Victorian London - Theatre and Shows - Plays - Realism

The realisation of the gloomy aspect of prison life is vividly depicted in the second part. The treadmill, with the prisoners at work upon it, a gang of convicts picking oakum, a convict weaving at the loom with which he has been supplied, and all the details of penal punishment, are here exhibited with appalling minuteness. The great scene, however, in this part is that which represents the corridors of the model prison, a singularly effective stage arrangement, evidently copied from the Pentonville establishment, though the locality is not identified. The receding passages, with the cells ranged along them on each side, and illuminated by jets of gas, whilst huge iron winding staircases communicate with the different stories, produces a marvellous appearance of depth, and excites some wonder even in the minds of those most familiar with the devices of theatrical mechanism, how so complicated a set' can be presented in so short a time. The object of the novelist, it will be remembered, was to reform the abuses of the 'solitary' and the 'silent' system, which, under the sanction of ignorant and unfeeling officials, had at last grown to a height that called forth the interference of the Home Secretary. The atrocities perpetrated in the Birmingham Borough Gaol, as recorded in the 'Blue Book,' which published the facts elicited during the Parliamentary investigation, have long since ceased to exist, and it seemed therefore felt by the audience, who saw them reenacted on the stage, that an unnecessary shock was given to their feelings by forcing upon their notice the sight of brutalities which made the heart sicken and the mind shudder to contemplate, even with the knowledge that the barbarity was only assumed and the writhing of the tortured victims merely simulated. Whether from the feeling that these thrilling examples of bygone cruelty were simply brought forward to no more profitable purpose than that of creating a stage 'sensation,' or that a strong objection to the degradation of supernumeraries by compelling them to wear the felon's garb, provoked remonstrances from playgoers of acute sensibility, may be left to conjecture. Certain it is that a storm of indignation broke forth during the last scene of the act, after some ominous premonitory mutterings that threatened to bring the piece to a premature conclusion. Voices were heard from the stalls loudly protesting against the representation as revolting,' and one of the dissentients, whose excitement was stronger than his discretion, made himself so conspicuous at the moment that he was readily identified as a well-known dramatic critic [Guest Tomlins of The Morning Advertiser] who, with other modes of expressing his opinion, might perhaps have more judiciously reserved his utterances for the morning newspaper he represented. The clamour thus raised compelled Mr. Vining to drop for a time his assumed character of Tom Robinson and address the audience as follows:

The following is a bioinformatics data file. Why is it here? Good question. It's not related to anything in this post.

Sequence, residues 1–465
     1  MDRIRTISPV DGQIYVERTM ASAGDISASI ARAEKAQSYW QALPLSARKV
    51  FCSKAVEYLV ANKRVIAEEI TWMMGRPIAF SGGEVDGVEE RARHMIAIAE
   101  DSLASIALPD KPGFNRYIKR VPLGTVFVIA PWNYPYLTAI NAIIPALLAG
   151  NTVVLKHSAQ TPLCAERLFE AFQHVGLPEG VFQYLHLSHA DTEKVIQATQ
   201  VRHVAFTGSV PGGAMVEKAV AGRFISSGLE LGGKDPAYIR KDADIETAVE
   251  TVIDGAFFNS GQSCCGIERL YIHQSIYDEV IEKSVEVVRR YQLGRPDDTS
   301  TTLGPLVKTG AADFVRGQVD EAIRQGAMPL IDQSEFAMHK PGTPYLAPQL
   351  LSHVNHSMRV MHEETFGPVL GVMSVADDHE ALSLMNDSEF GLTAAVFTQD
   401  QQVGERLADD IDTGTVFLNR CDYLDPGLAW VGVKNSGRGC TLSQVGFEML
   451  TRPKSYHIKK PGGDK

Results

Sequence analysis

'Ladies and Gentlemen, - With all due submission to public opinion, permit me to call your attention to one fact, which appears to have been overlooked. It has been acknowledged that the work from which this piece is taken has done a great deal of good. We are not here representing a system as it is, but the abuses of a system, and I may refer to the Blue Book - here a voice from the pit shouted out 'we want no Blue-Books on the stage' - for the truthfulness of these things. This question can be discussed elsewhere, and I believe that I am not wrong in supposing the most of the dissentient persons have not - Here the Manager paused significantly - 'Come in Free.'
    The words had the effect, in some measure, of allaying the turbulent spirit that had been aroused and the act-drop soon after fell amidst applause. Several ladies in the stalls were much distressed during the representation of some of the sterner examples of the 'Governor's' brutality and the vindictive conduct of the hardened warders acting under his instructions, and when the poor boy, Josephs, so pathetically personated by Miss Louise Moore, was seen on the point of committing suicide by hanging, to escape the infliction of further tortures, there was an indescribable thrill of horror running through the whole body of spectators. It may be seriously doubted, however, whether the retention of such a painful exhibition as that of the convicts undergoing severe punishment is in accordance with managerial policy, and notwithstanding the excessive outlay on this portion of the piece, there is every reason to believe it might be omitted with every advantage to the Theatre and the public.

The Era, 8th October, 1863 (on 'Its Never Too Late to Mend')